Over the last two decades, China underwent enormous economic growth. Household consumption nearly quadrupled. Millions of people left poverty.
And the country was hailed the new Asian tiger, poised to overtake the United States as the largest economy in the world.
But while economic statistics tell one story about China, a new study published by the Brookings Institution reveals a more sobering narrative about the country’s growth. The study shows that while China burgeoned, the people who stood to gain the most were often deeply unhappy.
Carol Graham, a senior fellow at the Brookings Institution, talks about this phenomenon in terms of “happy peasants” and “frustrated achievers.” The peasants in China who live out their lives in rice paddies and wheat fields are generally content with their existence. Meanwhile the achievers—the socially mobile professionals and middle class workers driving economic development in China—are often frustrated with their lot in life, as they reach for ever more professional success and fall short.
“Rapid levels of economic growth tend to come with inequality,” Graham says. “Even if you’re doing okay, there are a lot of people around you doing better, and that frustrates you.”
When China started to expand its economy, during the nineties, building factories and skyscrapers that now loom over the skylines in Beijing and Shanghai, more and more people moved to those cities, seeking economic opportunity outside the rice fields. They were vaulted from peasants to achievers saddled with all the insecurities that come with living in the modern age.
Suicide rates rose, and mental health disorders became increasingly prevalent. During the nineties, China had one of the highest suicide rates worldwide. About 23 people in 100,000 committed suicide every year between 1995 and 1999. Compare that to the United States, where only around 12 people in 100,000 committed suicide in 1995. Ten years later the number of people suffering from mental health disorders in China was also dramatically increasing. In 2011, around 27 million people visited hospitals as outpatients seeking mental health treatment.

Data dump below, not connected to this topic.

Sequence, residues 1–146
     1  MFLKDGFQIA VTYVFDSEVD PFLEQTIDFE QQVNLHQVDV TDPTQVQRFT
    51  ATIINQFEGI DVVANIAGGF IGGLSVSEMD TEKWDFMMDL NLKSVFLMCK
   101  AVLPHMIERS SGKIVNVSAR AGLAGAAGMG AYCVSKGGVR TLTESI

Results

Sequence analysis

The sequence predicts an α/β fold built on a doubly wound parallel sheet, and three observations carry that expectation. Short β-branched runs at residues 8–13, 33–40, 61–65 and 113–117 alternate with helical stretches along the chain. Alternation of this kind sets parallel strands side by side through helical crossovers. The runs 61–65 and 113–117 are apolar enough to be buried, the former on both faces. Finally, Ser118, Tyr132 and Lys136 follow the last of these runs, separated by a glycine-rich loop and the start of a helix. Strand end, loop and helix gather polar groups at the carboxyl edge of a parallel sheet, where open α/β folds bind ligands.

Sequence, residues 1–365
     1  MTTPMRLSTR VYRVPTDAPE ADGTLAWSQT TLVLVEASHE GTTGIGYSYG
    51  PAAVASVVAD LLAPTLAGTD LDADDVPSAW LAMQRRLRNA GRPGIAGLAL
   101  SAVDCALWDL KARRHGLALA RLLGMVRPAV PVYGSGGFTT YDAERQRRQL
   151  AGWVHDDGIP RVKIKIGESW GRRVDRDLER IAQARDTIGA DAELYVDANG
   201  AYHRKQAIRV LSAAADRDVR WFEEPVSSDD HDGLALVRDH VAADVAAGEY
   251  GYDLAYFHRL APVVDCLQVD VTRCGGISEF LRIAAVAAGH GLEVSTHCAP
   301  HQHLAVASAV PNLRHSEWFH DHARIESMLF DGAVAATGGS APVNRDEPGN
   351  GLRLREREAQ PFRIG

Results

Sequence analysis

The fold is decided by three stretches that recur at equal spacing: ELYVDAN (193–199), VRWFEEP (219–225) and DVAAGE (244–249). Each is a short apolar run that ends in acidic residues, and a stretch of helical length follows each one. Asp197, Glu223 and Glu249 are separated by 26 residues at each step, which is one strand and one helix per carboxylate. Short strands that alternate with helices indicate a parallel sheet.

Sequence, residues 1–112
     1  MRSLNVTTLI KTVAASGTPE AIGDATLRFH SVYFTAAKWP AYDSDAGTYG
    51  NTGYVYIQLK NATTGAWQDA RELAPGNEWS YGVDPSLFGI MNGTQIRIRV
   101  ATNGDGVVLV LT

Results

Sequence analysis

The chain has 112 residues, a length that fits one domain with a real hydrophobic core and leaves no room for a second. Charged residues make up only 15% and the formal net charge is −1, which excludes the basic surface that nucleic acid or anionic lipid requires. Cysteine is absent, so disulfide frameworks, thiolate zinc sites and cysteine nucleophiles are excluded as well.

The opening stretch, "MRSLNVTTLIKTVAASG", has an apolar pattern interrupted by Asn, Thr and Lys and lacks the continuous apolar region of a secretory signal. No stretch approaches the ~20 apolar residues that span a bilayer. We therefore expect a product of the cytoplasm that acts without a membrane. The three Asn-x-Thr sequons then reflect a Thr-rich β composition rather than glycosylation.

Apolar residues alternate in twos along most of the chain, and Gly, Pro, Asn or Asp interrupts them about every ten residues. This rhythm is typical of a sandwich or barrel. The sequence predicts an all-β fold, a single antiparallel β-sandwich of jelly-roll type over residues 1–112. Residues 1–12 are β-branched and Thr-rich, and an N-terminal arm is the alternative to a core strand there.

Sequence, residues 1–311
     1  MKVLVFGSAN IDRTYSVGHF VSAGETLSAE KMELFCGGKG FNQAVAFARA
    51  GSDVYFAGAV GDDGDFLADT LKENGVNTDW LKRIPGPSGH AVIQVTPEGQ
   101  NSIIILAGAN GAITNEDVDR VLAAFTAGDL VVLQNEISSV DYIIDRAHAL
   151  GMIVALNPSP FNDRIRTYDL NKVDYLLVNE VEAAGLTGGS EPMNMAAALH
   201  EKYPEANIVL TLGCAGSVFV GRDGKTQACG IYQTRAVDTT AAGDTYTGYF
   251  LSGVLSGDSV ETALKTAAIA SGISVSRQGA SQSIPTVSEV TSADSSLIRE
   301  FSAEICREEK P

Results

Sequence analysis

Those statistics speak to a broader trend in global development. “Upwardly mobile respondents in growing developing economies reported lower levels of satisfaction with their lives than very poor respondents with no change in their income levels,” authors Graham, Shaojie Zhou, and Junyi Zhang wrote in their paper.
These trends go against a basic widely held idea about economic development—that greater wealth and higher life expectancies yield higher levels of happiness.
That may be true in the long run, Graham says, but economic development in its early stages can produce very different results. Achievers are often deeply insecure about their ability to keep pace in a rapidly changing economy. They are also troubled when they see the growing economic inequality that comes with an economic system that suddenly creates winners and losers.
“In a way it’s a classic development story,” Graham says. “People move out of poverty and they become more aware both of what they can achieve and what they can’t.”
This is a tale as old as time. The Russian novelist Leo Tolstoy wrote in Anna Karenina about happy serfs during the nineteenth century who labored away threshing wheat in the countryside, while the aristocracy, living in Russian metropolises, remained unhappy. That same dynamic now seems to be playing out in China as the country industrializes.
Graham, however, thinks that these trends may settle down as China becomes more comfortable with its economic transformation. According to her, people are already showing higher levels of happiness than 20 years ago.
And yet, she says, there are still fundamental problems in China: “The quality of life is awful. The pollution is awful. It’s crowded, and people work very long hours. Even the Internet is not completely free. For young people who are aware of what the rest of the world is like, that’s a downer.”